Did you ever want to contact someone on Tinder by email?
I was at work the other day and this idea came out like when we were little kids preparing nasty treats for our friends. We were laughing at the funny things that online dating services like Tinder offer to have some fun from time to time.
First I want to let you know that this article is for entertainment purposes only, and I am not really recommending doing this if it’s not with good intentions!
Here’s the “Love Hack” – How to send an email to someone on Tinder
- Log in on Tinder from your smartphone.
- If you saw someone you like copy their name and surname.
- Copy their company’s name.
- Do a search in google with this info and see if they are on Linkedin or Twitter.
- Download the FindThatLead Free extension from the Chrome store.
- Log in to Linkedin or Twitter with your user name.
- Go to that person’s profile
- Use the plugin
- Get their email. If the plugin window shows you the email as green then it’s the right one (If this method doesn’t work for you, try one of these).
- Find a good subject line according to the person’s interests Laugh like a mad sorcerer and hit that “Send” button!
Don’t be shy. Let us know of your success or failure!
To Tinder or not to Tinder
So, let’s be realistic, Tinder is one of the largest dating apps in the world, thanks in part to it being a 100% mobile software. With 10 million active users per day, there is a big chance that you are one of them, especially if you are in between 25 and 34 years old.
If you are, then it’s quite possible that at one point you wanted to know more about a nice-looking one that you couldn’t wait to contact but had not been matched up with you.
Tinder matches you up with people who it thinks might be compatible with you based on many factors but also their Facebook interests (more info on this here ), but let’s be realistic, most people just add interests on their Facebook profile based on something they liked at one moment in their “facebook life” and then probably forgot about it.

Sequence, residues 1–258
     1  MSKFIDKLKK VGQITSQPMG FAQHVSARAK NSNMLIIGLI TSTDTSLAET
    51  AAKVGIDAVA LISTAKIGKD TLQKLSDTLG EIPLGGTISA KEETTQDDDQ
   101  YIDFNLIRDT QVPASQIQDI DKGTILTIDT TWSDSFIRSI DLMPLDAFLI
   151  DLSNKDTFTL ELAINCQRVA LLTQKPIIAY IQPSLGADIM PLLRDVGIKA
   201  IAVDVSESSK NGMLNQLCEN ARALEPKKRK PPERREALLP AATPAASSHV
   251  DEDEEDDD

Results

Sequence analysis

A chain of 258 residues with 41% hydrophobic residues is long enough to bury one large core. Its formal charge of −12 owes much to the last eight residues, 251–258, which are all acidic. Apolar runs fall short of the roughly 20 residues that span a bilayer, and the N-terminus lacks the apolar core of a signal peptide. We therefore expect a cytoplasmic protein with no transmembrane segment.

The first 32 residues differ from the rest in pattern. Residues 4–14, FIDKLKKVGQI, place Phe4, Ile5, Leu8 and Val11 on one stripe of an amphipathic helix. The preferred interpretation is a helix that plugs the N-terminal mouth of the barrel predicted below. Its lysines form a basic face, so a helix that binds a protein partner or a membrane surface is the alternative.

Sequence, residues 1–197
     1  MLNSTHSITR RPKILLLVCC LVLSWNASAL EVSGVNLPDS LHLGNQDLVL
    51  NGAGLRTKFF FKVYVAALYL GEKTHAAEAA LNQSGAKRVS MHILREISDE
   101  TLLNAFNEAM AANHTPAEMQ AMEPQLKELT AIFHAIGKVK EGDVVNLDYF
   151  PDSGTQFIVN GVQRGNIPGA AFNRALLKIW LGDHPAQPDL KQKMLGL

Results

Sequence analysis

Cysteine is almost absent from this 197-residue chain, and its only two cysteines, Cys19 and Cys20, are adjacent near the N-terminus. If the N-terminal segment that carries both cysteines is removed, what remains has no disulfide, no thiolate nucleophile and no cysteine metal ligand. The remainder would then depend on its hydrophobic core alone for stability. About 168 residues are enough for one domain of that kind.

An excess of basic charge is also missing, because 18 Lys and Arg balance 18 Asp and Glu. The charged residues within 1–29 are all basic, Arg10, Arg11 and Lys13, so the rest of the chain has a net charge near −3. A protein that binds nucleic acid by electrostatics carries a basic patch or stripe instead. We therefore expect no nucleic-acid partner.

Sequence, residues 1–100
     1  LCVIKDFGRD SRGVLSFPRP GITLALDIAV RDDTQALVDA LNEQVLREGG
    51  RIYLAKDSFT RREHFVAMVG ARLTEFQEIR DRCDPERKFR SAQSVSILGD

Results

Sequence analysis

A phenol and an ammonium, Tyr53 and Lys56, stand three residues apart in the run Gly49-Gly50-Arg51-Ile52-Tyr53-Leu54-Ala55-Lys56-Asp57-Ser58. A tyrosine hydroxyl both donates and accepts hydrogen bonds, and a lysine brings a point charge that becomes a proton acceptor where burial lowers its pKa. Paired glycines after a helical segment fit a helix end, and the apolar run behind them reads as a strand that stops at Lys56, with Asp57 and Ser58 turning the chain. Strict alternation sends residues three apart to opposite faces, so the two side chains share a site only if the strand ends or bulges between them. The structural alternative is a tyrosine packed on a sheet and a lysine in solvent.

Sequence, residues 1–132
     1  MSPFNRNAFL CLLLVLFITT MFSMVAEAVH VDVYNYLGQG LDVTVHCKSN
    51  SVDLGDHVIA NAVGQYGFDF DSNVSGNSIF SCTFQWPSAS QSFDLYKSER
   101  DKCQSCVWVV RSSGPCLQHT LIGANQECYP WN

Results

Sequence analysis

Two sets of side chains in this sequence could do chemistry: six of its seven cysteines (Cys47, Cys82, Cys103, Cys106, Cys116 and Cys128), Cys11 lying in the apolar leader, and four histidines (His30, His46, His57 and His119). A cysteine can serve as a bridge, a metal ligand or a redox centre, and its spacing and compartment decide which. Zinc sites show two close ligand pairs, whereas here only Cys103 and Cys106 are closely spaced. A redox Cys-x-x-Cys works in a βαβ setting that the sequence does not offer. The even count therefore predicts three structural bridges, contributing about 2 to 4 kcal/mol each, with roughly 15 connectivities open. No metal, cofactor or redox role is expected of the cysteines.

For more info about Tinder’s matching system, there is a good article to read here.
Nonetheless, it’s true that this can show interesting similarities in two people’s characters, but this doesn’t mean that you can’t have a good match with someone you find attractive even if Tinder doesn’t think so.
This is quite possible if the person that you see in the picture is using their real-world name on their profile.
What’s really a buzz is that Tinder has a new feature that shows you info about education and job title and with this info you can try to do this “dating” hack.
Of course, this isn’t a sales hack unless you want to “sell” them your nice-looking body and charismatic character which I doubt.
So what’s the gain?
Probably one of its advantages is that you don’t need to find a good match with the other person which can give you the advantage of being noticed even if you didn’t inside the app.
Just imagine for a second that you read an email from someone who saw you on Tinder that says: “I saw you on Tinder, but I thought an email would give me a better chance to get your attention faster than the rest. I don’t really understand why Tinder hasn’t shown me a match with you, I really think we should talk.
I would really love to talk to you and get to know you without any compromise. I found your email by doing this and this… bla bla bla”
This kind of approach is like tossing a coin and it can fall on any or two sides, but the positive outcome is that when they read you they may perceive you as a daring, smart individual with an initiative that can stand out from the rest. On the negative side, they may see you as a cyber stalker!
Am I going to get banned for this?
The information that you are using is totally public, all you did is gather it and send an email.
You can also go straight to the person and ask them for an introduction, but then, you would probably not need Tinder!
As I said before, you can try it out, but there is a very small probability that you could receive a notification from Tinder.
Just be sure that if you receive a negative in the first place you stop insisting and leave behind any Cyrano de Bergerac-like passions or you may end up getting sued like Tinder’s co-founder Justin Marteen and appear on Vanity Fair (more info here)